Eighteen-year-old American Mikaela Shiffrin won the slalom today in Sochi, making her the youngest gold medalist in the history of that Olympic event. Last year Shiffrin finished atop the World Cup slalom standings, becoming the youngest woman to accomplish that since 1974. As Shira Springer wrote today for the Boston Globe, Shiffrin is the “present and future of US ski racing … a precocious talent who someday could surpass the achievements of Lindsey Vonn.” But “precocious” might not be the best word to describe Shiffrin, whose success isn’t entirely attributable to her innate ability (which, to be clear, is considerable). What’s more interesting is the calculated way that she’s refined her skills.
If you’re a gifted young skier, with an eye toward Olympic competition or the World Cup circuit, chances are you spend a lot of time testing your skills against those of other top young skiers. Someone like Shiffrin can spend all winter going from mountain to mountain, competing in junior-level races organized by the International Ski Federation (FIS). These races let you know how you compare to others your own age, and also whet your appetite for the senior-level competitions to come. In an interview with the Last Magazine in December, Shiffrin talked briefly about the rigors of the junior ski circuit. “Once you’re FIS legal,” she said, “they basically just put you right in it. Most kids are racing 25 to 50 races, and it’s a lot during the season.”
This isn’t necessarily the best way to prepare yourself for world-class competition. Not only are these lower-level races a huge time commitment, they can also cause a young skier to de-emphasize proper technique in favor of winning races that don’t really matter. Even worse, they increase the risk of injury at a young age. Shiffrin’s father, a physician, recently told the Wall Street Journal that “in skiing, the risk of injury is so high that trying to perform at a level you’ve never practiced at is asking for a trip to the O.R.”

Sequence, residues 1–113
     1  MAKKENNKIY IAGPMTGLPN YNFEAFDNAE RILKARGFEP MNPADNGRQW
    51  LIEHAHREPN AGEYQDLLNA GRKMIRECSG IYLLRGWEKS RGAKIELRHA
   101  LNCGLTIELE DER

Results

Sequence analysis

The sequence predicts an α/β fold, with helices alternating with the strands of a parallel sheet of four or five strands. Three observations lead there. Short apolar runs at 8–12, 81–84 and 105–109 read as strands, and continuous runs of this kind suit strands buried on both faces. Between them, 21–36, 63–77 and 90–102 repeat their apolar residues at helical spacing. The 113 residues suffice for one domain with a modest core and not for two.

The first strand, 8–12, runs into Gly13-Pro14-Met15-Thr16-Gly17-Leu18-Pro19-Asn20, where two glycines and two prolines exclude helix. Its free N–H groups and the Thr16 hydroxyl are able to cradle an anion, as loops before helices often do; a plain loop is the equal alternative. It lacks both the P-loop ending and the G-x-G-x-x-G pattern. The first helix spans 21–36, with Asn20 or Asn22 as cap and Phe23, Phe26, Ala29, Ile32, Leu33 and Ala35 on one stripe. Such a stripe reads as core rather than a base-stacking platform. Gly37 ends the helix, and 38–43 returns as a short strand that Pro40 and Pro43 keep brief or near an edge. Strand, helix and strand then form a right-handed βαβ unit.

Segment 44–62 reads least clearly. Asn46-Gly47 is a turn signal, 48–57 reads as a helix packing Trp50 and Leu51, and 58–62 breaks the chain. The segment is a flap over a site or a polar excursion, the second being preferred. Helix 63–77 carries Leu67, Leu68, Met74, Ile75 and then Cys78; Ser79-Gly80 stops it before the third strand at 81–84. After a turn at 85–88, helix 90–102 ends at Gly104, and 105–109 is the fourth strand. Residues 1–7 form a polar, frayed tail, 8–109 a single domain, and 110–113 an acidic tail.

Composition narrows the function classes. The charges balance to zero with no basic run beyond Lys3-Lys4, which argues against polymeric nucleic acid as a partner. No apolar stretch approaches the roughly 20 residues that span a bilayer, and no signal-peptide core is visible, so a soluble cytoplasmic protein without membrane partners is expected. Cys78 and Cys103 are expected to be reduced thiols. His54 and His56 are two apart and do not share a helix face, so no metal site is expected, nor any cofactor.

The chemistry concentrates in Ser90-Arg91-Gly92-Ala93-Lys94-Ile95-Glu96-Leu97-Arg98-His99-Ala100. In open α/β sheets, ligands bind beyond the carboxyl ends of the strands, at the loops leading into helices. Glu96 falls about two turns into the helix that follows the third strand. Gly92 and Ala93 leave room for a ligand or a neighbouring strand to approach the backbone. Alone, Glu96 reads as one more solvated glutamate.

So, like a baseball manager limiting a young prospect’s pitch count, the Shiffrins limited their daughter’s racing commitments. While other kids were racing, Shiffrin was taking training runs on her home mountain, “fine-tuning an efficient, no-nonsense skiing style with dogged repetition and a reliance on fundamentals,” as Bill Pennington put it in a 2013 New York Times profile.
Shiffrin also limited herself to a mere two events—the slalom and the giant slalom—and stayed away from the downhill and super-G. While the downhill and super-G are speed events, the slaloms reward technically precise skiing, and technical precision has always been Shiffrin’s game. “In the kitchen of the family home,” wrote Pennington, “Eileen Shiffrin would use broomsticks to simulate slalom gates and have her daughter weave through them trying to learn the intricate rhythm and tempo of hand movements needed to block and push away gates.”
Shiffrin’s story is reminiscent of how Venus and Serena Williams honed their games as children. The Williamses’ father, Richard, kept the sisters out of tournaments and had them practice their strokes against each other, ensuring that when they did make it to tournaments they’d be ready to play. As Matthew Futterman wrote in the Wall Street Journal last year, Shiffrin’s “train-at-home strategy stands apart in a competition-obsessed culture that subjects young soccer players to 100 games a year and budding golfers to every-weekend tournaments.” But maybe it’s a smarter way to go.
We like to think of child prodigies as naturally brilliant, geniuses who emerged fully formed from the womb. But talent isn’t necessarily enough. Shiffrin’s brilliance lies in her preparations and her perspective. She’s Mikaela the machine, finely tuned for optimum performance. And she’s just getting started.